1. Go to
  2. Create an account
  3. Enter your session ID and access code

Information about selecting a proof for the yearbook is near the bottom of the instruction card (see arrow in image below):

Instruction card for viewing proofs

This is where the trouble begins. It reads, “Yearbook selection date: 11/01/2013.” Is this the only day that one can make the selection? Is it the end of the selection process? Or, is it the beginning?

Choosing to log on to the website on November 1 seemed like a good decision. It would prevent logging on too early or too late. Or, so I thought.

Creating an account was easy. The landing page when I logged in showed the steps from viewing proofs to checkout:


Each step was highlighted in the navigation bar. This shows customers exactly where they are in the order process:

Showing the order process

Good website design moves people easily through the purchase process. Great website design creates an environment that maximizes the revenue. Creating an environment where people stop to think about the process reduces effectiveness. The first stop sign appeared on the Choose Packages page:

Choose packages page

What are points? How do I use them? What does each one cost? The copy, “Select any combination and quantity of portraits and products to redeem your points,” doesn’t answer the questions. Perhaps it would be better to order individual items. Clicking on the Add Products tab opens another page with a stop sign.

Add products page

The difference in the choices is not clearly defined. What is the difference between “Portraits” and “Traditional Designs”? According the copy, portraits are “Portraits in a variety of sizes to meet all your needs” and traditional designs are “Portraits in a variety of traditional sizes.” Well, that is about as clear as mud! The promise of “easy” has been broken and I haven’t completed either of my two objectives.

When the order is ready for checkout, I still haven’t chosen the proof for the yearbook. There is no mention of making a selection throughout the process. It turns out that you have to click the Yearbook Pose link at the top of the page to select a pose.

Yearbook pose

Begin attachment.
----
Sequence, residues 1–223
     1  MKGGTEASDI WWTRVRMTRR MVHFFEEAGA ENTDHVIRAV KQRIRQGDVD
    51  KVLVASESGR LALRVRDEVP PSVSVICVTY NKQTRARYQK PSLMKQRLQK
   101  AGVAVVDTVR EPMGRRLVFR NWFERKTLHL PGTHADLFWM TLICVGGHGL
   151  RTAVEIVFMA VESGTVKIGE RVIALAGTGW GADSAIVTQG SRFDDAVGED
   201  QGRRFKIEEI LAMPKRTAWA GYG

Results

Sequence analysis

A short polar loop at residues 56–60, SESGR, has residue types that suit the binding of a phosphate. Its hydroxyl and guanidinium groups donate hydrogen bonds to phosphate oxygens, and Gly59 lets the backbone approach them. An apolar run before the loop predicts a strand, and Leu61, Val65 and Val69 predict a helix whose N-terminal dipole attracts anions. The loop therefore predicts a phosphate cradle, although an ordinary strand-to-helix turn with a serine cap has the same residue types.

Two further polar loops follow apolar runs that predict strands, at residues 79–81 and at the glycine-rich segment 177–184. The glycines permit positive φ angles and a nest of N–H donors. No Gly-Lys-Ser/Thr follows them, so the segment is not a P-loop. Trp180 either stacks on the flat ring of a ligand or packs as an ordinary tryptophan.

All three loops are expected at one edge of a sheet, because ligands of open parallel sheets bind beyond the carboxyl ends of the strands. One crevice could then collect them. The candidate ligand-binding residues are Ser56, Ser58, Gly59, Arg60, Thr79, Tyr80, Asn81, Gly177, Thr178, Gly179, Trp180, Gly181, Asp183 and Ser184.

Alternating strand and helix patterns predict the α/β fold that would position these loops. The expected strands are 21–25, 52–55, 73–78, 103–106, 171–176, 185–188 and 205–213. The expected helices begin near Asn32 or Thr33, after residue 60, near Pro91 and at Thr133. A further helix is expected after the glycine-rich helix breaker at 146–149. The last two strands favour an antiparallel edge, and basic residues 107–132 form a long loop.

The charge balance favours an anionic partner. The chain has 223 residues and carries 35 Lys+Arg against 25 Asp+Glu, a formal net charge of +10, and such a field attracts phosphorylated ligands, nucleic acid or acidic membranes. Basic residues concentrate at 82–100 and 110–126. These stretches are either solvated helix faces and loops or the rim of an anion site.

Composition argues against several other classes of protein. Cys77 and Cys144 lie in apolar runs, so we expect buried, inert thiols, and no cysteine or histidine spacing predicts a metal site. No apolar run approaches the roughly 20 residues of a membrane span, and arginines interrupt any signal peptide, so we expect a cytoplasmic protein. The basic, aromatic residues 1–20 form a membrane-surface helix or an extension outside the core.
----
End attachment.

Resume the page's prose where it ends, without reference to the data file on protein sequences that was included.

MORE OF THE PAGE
Clicking the link takes me to this page:

Selection time expired

In fine print it tells me “Your school’s yearbook deadline has already passed. Please contact us at 800-736-4775 (U.S. Customers) or 866-557-9254 (Canadian Customers) to make your selection or contact your school’s Yearbook Advisor.”

The call to the 800 number could be used as a “what not to do in your call center” example. After holding for almost 20 minutes the representative selected a proof and I was done with both objectives. The takeaways for Prestige are making it easy for customers increase sales and reduce costs. The call was unnecessary and increased operational costs without providing a benefit. It could have been eliminated by changing the expiration date on the card or in the system.

Tips to keep your company from self-inflicted wounds:

Plan carefully – Delivering on customer expectations requires perfect execution between marketing and service. Work together designing the message to match the process.

Test everything – Testing functionality to insure that everything works together correctly. Users get frustrated when systems crash.

And, test again – Usability is as important as functionality. Invite people unfamiliar with your products and services to test the process. If it isn’t intuitive, rework it.

Solve problems quickly – The CSR that took my call to Prestige Portraits said that he didn’t know why the website cut the selection process off a day early. It was a known issue that hadn’t been resolved.

Know your customers – The better you know your customers the closer you can come to meeting their expectations. Invest in learning as much as possible about your customers so you can provide the right service.

For more information on customer expectations email Debra at